This post was originally published on the EUA Blog on 23 May 2023
For Elizabeth Gadd, it is time for the higher education sector to think carefully about the effects of global university rankings. To explain why, she responds to three simple questions.
The perverse effects of university rankings
A triopoly of university rankings, the QS World University Rankings, Times Higher Education World University Rankings and Shanghai Academic Ranking of World Universities, are growing in power and influence. As a consequence, governments invest in ‘excellence initiatives’, seeking not to improve on educational standards or research quality, but to increase their chances of getting some universities into the upper echelons of the rankings. Some countries have merged smaller institutions to improve their chances of getting into the coveted Top 100. And the UK government recently announced it would use the rankings to identify ‘high potential individuals’ for fast-track visas. In this context, it is hardly surprisingly that students choose to study at highly-ranked institutions. This in turn affects universities’ financial stability and leads some institutions to seek any means – legitimate or illegitimate – to climb the rankings.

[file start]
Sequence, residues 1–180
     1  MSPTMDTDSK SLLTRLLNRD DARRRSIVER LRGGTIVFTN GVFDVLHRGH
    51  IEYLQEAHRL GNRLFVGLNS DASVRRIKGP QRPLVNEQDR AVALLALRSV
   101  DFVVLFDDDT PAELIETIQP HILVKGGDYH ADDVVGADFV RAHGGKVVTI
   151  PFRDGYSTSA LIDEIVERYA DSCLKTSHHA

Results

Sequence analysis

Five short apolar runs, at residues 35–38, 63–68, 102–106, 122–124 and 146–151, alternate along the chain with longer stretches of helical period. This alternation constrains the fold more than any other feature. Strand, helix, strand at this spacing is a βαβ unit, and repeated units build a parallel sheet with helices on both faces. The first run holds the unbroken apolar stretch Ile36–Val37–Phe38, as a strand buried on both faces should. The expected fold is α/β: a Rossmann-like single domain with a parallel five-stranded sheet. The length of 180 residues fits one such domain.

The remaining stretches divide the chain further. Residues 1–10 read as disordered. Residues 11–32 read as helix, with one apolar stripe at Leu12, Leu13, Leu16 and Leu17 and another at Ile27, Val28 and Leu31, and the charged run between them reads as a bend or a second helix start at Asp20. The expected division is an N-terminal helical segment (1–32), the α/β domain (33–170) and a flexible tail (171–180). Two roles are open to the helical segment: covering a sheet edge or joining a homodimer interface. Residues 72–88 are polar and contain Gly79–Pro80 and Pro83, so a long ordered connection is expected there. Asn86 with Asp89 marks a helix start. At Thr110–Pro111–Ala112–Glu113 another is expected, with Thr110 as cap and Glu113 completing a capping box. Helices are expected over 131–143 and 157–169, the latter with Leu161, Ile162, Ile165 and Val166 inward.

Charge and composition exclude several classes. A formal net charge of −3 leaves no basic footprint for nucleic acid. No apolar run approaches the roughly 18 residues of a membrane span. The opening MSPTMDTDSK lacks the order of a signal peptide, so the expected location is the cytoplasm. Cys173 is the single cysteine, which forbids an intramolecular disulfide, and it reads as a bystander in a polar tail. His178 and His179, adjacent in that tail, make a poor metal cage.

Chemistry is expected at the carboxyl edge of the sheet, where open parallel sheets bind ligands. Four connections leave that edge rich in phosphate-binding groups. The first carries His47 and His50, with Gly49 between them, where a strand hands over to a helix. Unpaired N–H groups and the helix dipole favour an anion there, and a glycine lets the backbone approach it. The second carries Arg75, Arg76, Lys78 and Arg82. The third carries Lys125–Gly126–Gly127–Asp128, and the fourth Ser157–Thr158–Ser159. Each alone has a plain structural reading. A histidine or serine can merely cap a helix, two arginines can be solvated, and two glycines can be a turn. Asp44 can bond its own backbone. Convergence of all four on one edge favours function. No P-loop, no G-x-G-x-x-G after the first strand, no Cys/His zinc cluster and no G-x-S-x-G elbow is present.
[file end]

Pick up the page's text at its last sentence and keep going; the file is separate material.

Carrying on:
Institutions that complain about this situation are often accused of eschewing accountability. However, I think the more pertinent question is to whom should institutions be accountable? Is it to the unappointed and unaccountable global university rankings? I would argue not. And given their status as truth-seekers, I would suggest it is universities who should be holding the rankings to account. They can do so by asking three simple questions: are rankings true, are they fair, and are they helpful?
Are they true?
For a sector in pursuit of more responsible research assessment, universities are often criticised of turning a blind eye to evaluation approaches that would not meet their own standards of scientific rigour. University rankings are an excellent example of this.
The ‘research question’ posed by the rankings – namely, “which is the best university in the world?” – is poorly defined. Best at what? The characteristics of a ‘top’ university are not universally agreed, and neither are the weights that should be assigned to each one. Furthermore, the indicators then used to assess those characteristics, e.g., “alumni with Nobel prizes”, fall woefully short. The resulting data is therefore of very poor quality and the outcomes are presented without error bars. Can we confidently say the rankings are true? A categorical no.
Are they fair?
If a ranking is not true it is by definition unfair, as it will favour the wrong institutions. However, the inequities of the rankings run deeper than that. Research has shown that the winners at university rankings are always the old, large, wealthy, research-intensive, science-focused, English-speaking universities in the Global North. The heavy use of bibliometric data in the rankings exacerbates this as most journals indexed (over 80% in Scopus, an abstract and citation database) are based in the Global North. Unfortunately, when the rankings are then used for decision-making, such as the UK’s High Potential Individual visa scheme, whole continents such as Latin America and Africa are excluded from opportunities.